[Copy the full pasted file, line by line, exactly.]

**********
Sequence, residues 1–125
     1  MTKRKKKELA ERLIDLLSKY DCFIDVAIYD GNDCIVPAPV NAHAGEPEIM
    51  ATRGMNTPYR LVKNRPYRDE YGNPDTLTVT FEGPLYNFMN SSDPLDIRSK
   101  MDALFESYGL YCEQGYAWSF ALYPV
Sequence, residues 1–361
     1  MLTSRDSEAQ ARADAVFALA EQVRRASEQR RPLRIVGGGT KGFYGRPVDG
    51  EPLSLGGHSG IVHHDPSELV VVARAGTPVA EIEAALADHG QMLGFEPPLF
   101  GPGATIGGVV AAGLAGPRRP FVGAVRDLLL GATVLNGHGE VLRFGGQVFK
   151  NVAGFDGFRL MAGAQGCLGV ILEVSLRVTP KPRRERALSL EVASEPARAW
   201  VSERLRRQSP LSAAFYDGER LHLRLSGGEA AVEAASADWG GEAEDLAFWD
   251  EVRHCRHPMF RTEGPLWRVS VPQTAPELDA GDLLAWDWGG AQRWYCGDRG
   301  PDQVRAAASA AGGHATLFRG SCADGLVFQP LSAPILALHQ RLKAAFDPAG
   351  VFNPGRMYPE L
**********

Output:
Sequence, residues 1–125
     1  MTKRKKKELA ERLIDLLSKY DCFIDVAIYD GNDCIVPAPV NAHAGEPEIM
    51  ATRGMNTPYR LVKNRPYRDE YGNPDTLTVT FEGPLYNFMN SSDPLDIRSK
   101  MDALFESYGL YCEQGYAWSF ALYPV
Sequence, residues 1–361
     1  MLTSRDSEAQ ARADAVFALA EQVRRASEQR RPLRIVGGGT KGFYGRPVDG
    51  EPLSLGGHSG IVHHDPSELV VVARAGTPVA EIEAALADHG QMLGFEPPLF
   101  GPGATIGGVV AAGLAGPRRP FVGAVRDLLL GATVLNGHGE VLRFGGQVFK
   151  NVAGFDGFRL MAGAQGCLGV ILEVSLRVTP KPRRERALSL EVASEPARAW
   201  VSERLRRQSP LSAAFYDGER LHLRLSGGEA AVEAASADWG GEAEDLAFWD
   251  EVRHCRHPMF RTEGPLWRVS VPQTAPELDA GDLLAWDWGG AQRWYCGDRG
   301  PDQVRAAASA AGGHATLFRG SCADGLVFQP LSAPILALHQ RLKAAFDPAG
   351  VFNPGRMYPE L